COVID-19: How To Be Prepared In The Week Ahead #3

This is Red Five’s third weekly report detailing proactive steps you, your family, or your company can take to be prepared for the week ahead. This report represents work product derived from various reliable sources, and contains the most accurate information available at the time of print. However, it may be based in part upon information provided by third party sources, which may be subject to change at any time.

Federal, state, and local governments will continue to enforce stay at home policies and practices as the number of COVID-19 cases continue to surge in the US. The US has over 81,000 confirmed cases of the virus, surpassing reported figures from Italy, China, and Iran. New York has become the epicenter of the virus in the US, however, experts warn that increasing clusters in Louisiana, Michigan, and Florida may soon overtake New York as the epicenter.

  • Limited testing capabilities will further delay an accurate count of COVID-19 cases in the US.
  • Absent sufficient and accurate testing, the most effective way to stem the spread of the virus is to stay at home and avoid all unnecessary contact with non-family members.

Government officials are unable to agree on, or predict when, the stay at home policies will be lifted; some are calling for a return to “normal” in the next two weeks, while others are calling for an extended stay at home period. Many families across the US are faced with a new “normal” of working from home and distance learning.

We recommend you take the following steps in order to be prepared and resilient for the week(s) ahead.

  • Maintain regular work hours. Set a schedule and (try) to stick to it. Having clear parameters for when to work and when to stop work helps you maintain a work-life balance.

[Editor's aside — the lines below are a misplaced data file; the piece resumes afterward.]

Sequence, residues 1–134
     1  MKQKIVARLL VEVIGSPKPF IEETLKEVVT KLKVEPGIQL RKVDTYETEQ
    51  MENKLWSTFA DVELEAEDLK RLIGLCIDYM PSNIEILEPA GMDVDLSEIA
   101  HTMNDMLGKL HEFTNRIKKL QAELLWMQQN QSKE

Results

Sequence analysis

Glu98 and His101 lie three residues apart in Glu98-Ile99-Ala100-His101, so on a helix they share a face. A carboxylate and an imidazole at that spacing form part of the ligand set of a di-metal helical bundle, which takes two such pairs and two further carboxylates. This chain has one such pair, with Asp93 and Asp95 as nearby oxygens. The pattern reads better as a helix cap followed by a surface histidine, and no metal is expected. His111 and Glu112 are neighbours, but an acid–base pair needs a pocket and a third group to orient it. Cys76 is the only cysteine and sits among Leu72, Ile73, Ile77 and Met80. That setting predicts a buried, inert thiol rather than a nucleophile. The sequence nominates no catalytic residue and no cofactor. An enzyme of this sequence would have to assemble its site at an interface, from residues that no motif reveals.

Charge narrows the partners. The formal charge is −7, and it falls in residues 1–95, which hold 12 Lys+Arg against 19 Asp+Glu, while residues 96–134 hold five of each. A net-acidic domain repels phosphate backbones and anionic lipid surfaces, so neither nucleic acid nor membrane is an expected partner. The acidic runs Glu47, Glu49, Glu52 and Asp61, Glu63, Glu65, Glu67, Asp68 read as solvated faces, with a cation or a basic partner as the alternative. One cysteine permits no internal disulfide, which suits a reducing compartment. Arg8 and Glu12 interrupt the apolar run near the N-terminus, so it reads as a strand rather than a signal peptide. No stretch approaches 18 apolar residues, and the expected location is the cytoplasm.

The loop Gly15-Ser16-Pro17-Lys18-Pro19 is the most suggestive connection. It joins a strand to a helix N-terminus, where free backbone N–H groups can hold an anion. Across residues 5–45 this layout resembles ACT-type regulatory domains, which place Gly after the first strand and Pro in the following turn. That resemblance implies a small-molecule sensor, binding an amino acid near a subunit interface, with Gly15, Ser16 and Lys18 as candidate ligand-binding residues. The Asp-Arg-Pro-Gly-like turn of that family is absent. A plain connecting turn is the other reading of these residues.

• Take breaks. Scheduled breaks. Port your “office” routine into your “home” routine. Those mini-breaks where you get a cup of coffee, go out for lunch, or take restroom breaks are important to your workflow. Find a good way to replicate that at home (walking the dog, emptying a dishwasher, etc.) so that you can keep the innate rhythm that works for you.
  • Establish a location that will be your work space. You don’t always have to work in that space, but having a specified work location in your house can help get you into the work mindset. It also can help you leave work alone when you’re done for the day.
  • Socialize With Coworkers. Loneliness and isolation are common problems in work from home situations. Microsoft Teams, Google Hangouts, Zoom Meetings, and FaceTime can facilitate social and business meetings.
  • Keep your calendar up to date. It saves a lot of “hey, are you free?” conversations. If you are not the only person in your house who has to work from home and/or there are children at home, it also helps to coordinate time away from shared duties.
  • Schedule a catch all at the end of your day for 15 minutes. Write down anything you’ve not been able to complete throughout that day so that you can circle back to it and not leave any loose ends. If at the end of the day you still have items left, schedule them for the next day to ensure you complete the list then.
  • Keep in mind, this too will pass. We are a resilient country, and a resilient people.
  • A link to last week’s report can be found here.

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